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Rent control issues to temper Manhattan investments.

The employment contraction that began on Wall Street has spread to other sectors in Manhattan. Not surprisingly, the greatest employment losses have come from industries tied directly to Wall Street. Over the past year, securities firms and business and professional services companies each have shed 24,000 positions.

Several locally based retailers also are feeling the effects of the economic downturn. Macy's, for example, cut more than 1,000 employees citywide in March. In Manhattan alone, more than 900 positions have been trimmed from the company's central headquarters, home store, corporate marketing and merchandising divisions during that period.

With the recession expected to push an average of 7,200 borough employees out of work each month, apartment demand will subside. Across all five boroughs, employers are forecast to cut 136,900 positions this year for a decline in total employment of 3.7%. Payrolls in Manhattan are expected to contract by 86,700 jobs, a 3.6% reduction.

So far in 2009, operating fundamentals have varied by submarket. In historically strong neighborhoods like the Upper East and Upper West sides, vacancy has remained relatively healthy, but owners have felt increased pressure to trim rents. In areas that have recorded temporary upswings in demand and redevelopment, such as Midtown West and Upper Manhattan, rent cuts have been more modest, but vacancy has spiked.

Also, threats from new large, market-rate completions will be elevated in these areas. Asking and effective rents are projected to decrease between 4 and 20% this year, depending on the location and quality of the product being offered. Last year, asking rents ticked up 0.1%, while effective rents slipped 0.1%.

Lengthy planning and building timetables have kept the borough's construction pipeline full, despite current economic conditions. Multi-family permitting activity has accelerated by more than 4% to 9,660 units over the past 12 months. Though the rise in permits would seem to portend growing housing demand, the increase is primarily attributable to the 6,900-unit surge in permit requests during the two months prior to the expiration of the 421 a tax abatement.

Developers will bring online nearly 3,200 market-rate apartment units in 2009, compared with 1,225 rentals last year. Owners are particularly concerned with inventory expansion around the Lincoln Tunnel and along the southern boundary of Upper Manhattan. Additional competition for tenants may come from the 3,700 condominiums expected to be completed in the borough this year, as some developers could convert these units into rentals to generate revenue. The potential for shadow stock will be pronounced throughout Upper Manhattan, the Financial District and Midtown South.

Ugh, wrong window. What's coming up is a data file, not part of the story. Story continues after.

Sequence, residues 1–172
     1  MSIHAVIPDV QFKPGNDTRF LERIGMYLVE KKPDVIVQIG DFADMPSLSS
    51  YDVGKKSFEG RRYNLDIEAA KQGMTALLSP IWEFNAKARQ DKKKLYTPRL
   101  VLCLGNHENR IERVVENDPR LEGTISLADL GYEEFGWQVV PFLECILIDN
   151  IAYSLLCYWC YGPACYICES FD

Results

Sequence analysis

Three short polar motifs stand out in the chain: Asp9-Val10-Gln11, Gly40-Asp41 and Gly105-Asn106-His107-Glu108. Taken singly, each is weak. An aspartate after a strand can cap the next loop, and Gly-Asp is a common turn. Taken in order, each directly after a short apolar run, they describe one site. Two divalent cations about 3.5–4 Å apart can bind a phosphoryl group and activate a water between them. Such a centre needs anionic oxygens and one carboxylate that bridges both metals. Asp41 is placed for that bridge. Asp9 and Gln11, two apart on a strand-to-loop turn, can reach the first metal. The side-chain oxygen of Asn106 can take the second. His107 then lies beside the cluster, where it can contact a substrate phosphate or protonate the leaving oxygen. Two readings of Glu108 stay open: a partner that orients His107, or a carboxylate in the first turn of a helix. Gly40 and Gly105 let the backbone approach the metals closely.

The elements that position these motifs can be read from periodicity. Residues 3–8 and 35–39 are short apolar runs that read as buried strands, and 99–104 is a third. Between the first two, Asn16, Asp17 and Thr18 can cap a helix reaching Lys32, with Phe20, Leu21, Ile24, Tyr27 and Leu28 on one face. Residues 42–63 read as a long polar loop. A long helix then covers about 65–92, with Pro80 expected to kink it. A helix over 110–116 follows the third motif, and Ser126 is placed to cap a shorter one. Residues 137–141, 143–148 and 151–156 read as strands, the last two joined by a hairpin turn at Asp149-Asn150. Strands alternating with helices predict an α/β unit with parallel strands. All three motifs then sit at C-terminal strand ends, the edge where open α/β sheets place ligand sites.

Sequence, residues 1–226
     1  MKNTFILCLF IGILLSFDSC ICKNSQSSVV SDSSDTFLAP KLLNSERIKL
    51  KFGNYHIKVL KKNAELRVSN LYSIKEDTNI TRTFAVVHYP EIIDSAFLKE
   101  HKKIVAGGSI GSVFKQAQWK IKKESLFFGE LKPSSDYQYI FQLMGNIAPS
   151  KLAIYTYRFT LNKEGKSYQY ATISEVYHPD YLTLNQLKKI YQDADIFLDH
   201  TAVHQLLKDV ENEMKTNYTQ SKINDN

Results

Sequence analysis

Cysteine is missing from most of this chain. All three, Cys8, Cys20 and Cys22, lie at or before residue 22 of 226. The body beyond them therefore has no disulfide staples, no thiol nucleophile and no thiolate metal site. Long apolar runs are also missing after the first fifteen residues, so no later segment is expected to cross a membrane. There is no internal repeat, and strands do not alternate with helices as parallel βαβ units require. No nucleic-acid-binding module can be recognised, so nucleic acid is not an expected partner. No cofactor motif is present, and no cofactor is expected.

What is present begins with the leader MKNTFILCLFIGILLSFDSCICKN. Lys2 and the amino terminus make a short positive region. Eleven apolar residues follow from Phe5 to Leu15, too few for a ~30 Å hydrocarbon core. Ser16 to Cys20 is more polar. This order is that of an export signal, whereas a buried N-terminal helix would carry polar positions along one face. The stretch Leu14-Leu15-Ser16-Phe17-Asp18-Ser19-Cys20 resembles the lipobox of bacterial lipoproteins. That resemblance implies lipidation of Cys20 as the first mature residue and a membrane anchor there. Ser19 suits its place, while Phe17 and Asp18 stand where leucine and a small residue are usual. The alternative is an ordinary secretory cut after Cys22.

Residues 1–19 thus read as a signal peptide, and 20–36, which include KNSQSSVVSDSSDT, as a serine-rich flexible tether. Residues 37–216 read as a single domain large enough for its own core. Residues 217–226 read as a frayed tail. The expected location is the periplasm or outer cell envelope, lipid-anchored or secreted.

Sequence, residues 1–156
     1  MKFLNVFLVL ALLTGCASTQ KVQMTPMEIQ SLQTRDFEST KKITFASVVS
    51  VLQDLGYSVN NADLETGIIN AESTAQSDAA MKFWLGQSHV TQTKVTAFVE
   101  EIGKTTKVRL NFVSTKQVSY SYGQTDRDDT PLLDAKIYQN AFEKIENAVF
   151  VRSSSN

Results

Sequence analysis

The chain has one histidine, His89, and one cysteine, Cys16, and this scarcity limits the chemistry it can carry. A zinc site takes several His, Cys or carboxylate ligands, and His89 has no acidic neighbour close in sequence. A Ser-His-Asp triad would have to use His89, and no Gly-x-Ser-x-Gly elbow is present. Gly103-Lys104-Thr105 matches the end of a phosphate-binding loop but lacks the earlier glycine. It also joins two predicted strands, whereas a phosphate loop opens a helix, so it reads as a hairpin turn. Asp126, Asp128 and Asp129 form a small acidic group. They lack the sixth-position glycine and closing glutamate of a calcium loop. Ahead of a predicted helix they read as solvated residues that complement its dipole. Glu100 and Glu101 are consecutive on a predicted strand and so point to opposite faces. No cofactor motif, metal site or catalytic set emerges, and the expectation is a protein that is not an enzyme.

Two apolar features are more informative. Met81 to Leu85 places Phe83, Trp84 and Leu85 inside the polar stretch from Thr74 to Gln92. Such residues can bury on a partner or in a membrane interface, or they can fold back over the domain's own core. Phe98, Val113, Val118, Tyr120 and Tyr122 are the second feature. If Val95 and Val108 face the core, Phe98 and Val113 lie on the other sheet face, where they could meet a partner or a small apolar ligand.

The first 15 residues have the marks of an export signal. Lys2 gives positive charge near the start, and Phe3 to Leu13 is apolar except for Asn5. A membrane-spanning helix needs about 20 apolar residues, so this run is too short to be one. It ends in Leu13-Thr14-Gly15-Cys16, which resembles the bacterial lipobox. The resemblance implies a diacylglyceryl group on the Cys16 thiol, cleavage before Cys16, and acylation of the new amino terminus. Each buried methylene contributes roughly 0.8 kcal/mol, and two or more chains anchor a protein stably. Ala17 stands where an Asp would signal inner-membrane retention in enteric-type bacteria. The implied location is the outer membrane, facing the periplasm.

Reflecting sales at new developments that went into contract more than a year ago, the median price of a Manhattan condominium was $1.1 million per unit in the fourth quarter of 2008, up 1.8% from the corresponding quarter a year earlier. Listing inventory was nearly 5,300 units, a year-over-year gain of 31%, and the average time on the market increased 21% to 164 days.

Underpinned by the area's proximity to SoHo and the West Village and growing attention from young professionals, residential demand persists in Chinatown. While redevelopment efforts are proceeding, albeit more conservatively, rezoning projects that began in the Lower East Side may move southwest and cool construction activity.

The 75 Wall Street project is expected to be the year's largest condominium arrival in the borough. While some units already are being filled, the 350-condo development will be fully completed in the second quarter. Condominium construction is expected to peak in the second quarter with the delivery of over 2,000 units. The surge in development will likely strain the for-sale market, forcing a significant number of units into service as rentals.

Investment activity will be shaped by forces beyond the typical downside trends of a cooling market. Industry pundits are monitoring developments in the litigation involving J-51 tax abatements and rent decontrol. If appeals are unsuccessful, owners across the city could be forced to put rental units back under rent stabilization and retroactively reimburse tenants. As a result, operators with lower capital reserves may be forced into distress.

Concerns are elevated in Manhattan, as the difference between rent-stabilized and market rates can be substantial. Not all properties are affected by the J-51 issue, however, and sales activity in the borough will persist, albeit conservatively.

Cap rates are expected to rise into the low- to mid-5% range in core locations, while initial yields in fringe neighborhoods will need to start around the mid- to high-6% range in order to attract investors.

BY PETER VON DER AHE, DIRECTOR, MARCUS & MILLICHAP'S NATIONAL MULTI HOUSING GROUP.
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Title Annotation:INSIDER'S OUTLOOK
Comment:Rent control issues to temper Manhattan investments.(INSIDER'S OUTLOOK)
Author:Von Der Ahe, Peter
Publication:Real Estate Weekly
Date:Apr 22, 2009
Words:771
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